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Primary Key on a fact table

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Primary Key on a fact table Empty Primary Key on a fact table

Post  ebk Tue Jul 03, 2012 2:51 pm

I've looked through this forum, and in the Design Tips about what to use as a PK on a fact table and there's something basic I'm not understanding. There seem to be several points of view:
- don't bother with a PK (because you're never trying to find a single fact row anyway)
- use a surrogate PK (handy in certain specific ETL situations, and in bridge situations)
- use composite PK made up of whatever subset of dimension FK's uniquely identify a row
- use surrogate PK, plus an alternate key made up of the subset of dimension FK's that uniquely identify a row

I don't understand why we use of the 'subset of dimension FK's', either as PK or an Alternate key. Is it that 'We just might want to retreive a single row -- but if we had a surrogate key, it's meaningless & we'd have to join to all the dimension tables in order to get the row?.
ie. Is it that the 'subset of dimension FK's' is our shortcut to the single row, on the outside chance we may need to retreive it? Is this overkill, or playing it safe?


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Post  ngalemmo Tue Jul 03, 2012 4:12 pm

By definition, a PK is one or more columns that uniquely identify a row. So, if you need a PK, then whichever set of columns that can be used to uniquely identify a row is it. You can use a surrogate or a compound key, whichever fits your use case.

You can declare a PK as much as you want. The question is, should you enforce a PK? By enforce, I mean to create database constraints that ensure unique primary keys. In data warehousing, the general consensus is you do not use constraints to enforce a PK on a fact table.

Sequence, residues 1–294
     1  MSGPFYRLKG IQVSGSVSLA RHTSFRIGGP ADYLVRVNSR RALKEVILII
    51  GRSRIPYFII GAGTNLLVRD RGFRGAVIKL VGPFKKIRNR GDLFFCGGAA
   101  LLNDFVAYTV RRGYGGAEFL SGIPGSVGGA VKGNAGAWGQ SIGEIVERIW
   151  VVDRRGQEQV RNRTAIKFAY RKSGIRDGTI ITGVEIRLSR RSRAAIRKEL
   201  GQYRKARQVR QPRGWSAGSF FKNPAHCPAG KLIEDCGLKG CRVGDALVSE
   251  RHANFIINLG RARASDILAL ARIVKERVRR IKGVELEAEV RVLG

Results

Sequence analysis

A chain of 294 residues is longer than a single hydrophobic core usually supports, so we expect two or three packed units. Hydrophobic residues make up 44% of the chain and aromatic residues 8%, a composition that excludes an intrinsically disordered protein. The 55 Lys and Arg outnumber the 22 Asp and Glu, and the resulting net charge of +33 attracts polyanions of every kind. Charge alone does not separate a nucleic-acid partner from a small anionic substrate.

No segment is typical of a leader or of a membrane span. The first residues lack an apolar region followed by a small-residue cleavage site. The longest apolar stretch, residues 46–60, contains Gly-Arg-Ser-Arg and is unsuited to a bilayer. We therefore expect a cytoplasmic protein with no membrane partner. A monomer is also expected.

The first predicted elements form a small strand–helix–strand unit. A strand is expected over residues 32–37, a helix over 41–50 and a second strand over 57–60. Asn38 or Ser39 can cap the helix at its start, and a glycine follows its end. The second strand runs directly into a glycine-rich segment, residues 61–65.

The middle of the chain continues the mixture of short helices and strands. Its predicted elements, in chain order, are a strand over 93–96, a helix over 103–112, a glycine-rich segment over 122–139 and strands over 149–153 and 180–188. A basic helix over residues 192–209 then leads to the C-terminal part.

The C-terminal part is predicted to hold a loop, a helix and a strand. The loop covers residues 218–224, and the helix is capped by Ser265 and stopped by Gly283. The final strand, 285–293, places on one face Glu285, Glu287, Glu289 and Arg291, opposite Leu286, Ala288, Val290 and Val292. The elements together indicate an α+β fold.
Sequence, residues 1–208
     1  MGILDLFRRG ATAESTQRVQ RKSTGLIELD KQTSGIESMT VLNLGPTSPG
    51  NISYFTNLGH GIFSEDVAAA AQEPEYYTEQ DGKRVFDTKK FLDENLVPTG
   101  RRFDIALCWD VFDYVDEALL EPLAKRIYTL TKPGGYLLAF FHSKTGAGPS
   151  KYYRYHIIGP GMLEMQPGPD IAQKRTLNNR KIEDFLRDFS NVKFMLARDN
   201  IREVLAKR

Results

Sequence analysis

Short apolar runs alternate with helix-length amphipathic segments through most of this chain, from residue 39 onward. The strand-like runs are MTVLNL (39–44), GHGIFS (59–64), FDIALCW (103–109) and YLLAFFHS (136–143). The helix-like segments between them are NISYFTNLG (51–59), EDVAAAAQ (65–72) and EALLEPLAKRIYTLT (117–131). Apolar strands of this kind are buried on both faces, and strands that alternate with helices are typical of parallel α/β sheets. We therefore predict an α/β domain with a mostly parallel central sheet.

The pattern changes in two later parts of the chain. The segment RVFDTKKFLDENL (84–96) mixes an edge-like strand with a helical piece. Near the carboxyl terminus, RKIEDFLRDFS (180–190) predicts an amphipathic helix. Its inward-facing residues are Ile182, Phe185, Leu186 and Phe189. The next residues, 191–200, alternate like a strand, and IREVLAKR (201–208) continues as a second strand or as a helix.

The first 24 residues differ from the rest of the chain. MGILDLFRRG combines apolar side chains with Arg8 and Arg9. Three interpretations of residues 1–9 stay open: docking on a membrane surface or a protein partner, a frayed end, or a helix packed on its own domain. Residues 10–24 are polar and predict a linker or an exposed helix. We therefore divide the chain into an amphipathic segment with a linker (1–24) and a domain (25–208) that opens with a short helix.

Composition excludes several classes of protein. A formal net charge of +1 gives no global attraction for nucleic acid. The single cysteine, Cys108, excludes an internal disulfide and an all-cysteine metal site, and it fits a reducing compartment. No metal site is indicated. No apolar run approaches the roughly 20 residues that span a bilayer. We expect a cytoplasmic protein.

There are reasons for this. First, if you are actually updating fact rows, the process that attempts to do an update will ensure PK integrity. Any further enforcement at the database level is redundant. Second, database enforcement requires the database to create and maintain an index made up of the columns that comprise the PK. Such an index has little use for end-users querying the table, adding unnecessary overhead.

As far as surrogate PKs for fact tables go, I understand there are specific cases where such a key can be useful, however, it bypasses the basic form for integrating data across fact tables (aggregate then join across common attributes). I would not perform direct joins between fact tables unless you have tight control over the cardinality of the join itself. It is also raises questions as to why you are using a dimension model, or if the dimensional model was designed correctly. Using a surrogate PK to effect joins between facts means you are doing one-of joins, for specific entities, rather than wholesale aggregations commonly used in analysis. Such one-of queries are typically operational type actions that are better handled in a more normalized ODS environment. If the reason for the join is to obtain dimensions from higher level fact, then it is simply bad design. The more granular fact should house the same dimensions as the higher level fact and eliminate the fact-to-fact join altogether.

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Post  BoxesAndLines Thu Jul 05, 2012 2:16 pm

I declare and enforce primary keys. The ETL folks don't mind the extra check. It has saved their butts on several occasions. The reasoning is the same reasoning for OLTP. You need to be able to get to one row. When I put a surrogate key on a fact table I create an alternate key as well since the surrogate is, well, meaningless. I always recommend using surrogate keys on facts because I want a single column PK for all DW tables. I can leverage this many ways. The latest reason is for my data quality mart. I want to store the PK of the offending row in the DQ Fact table. A single column PK easily enables the BI tool to drill down to the exact row that has the DQ issue. If I had a multi-part variable PK, this becomes much more difficult and laborius.

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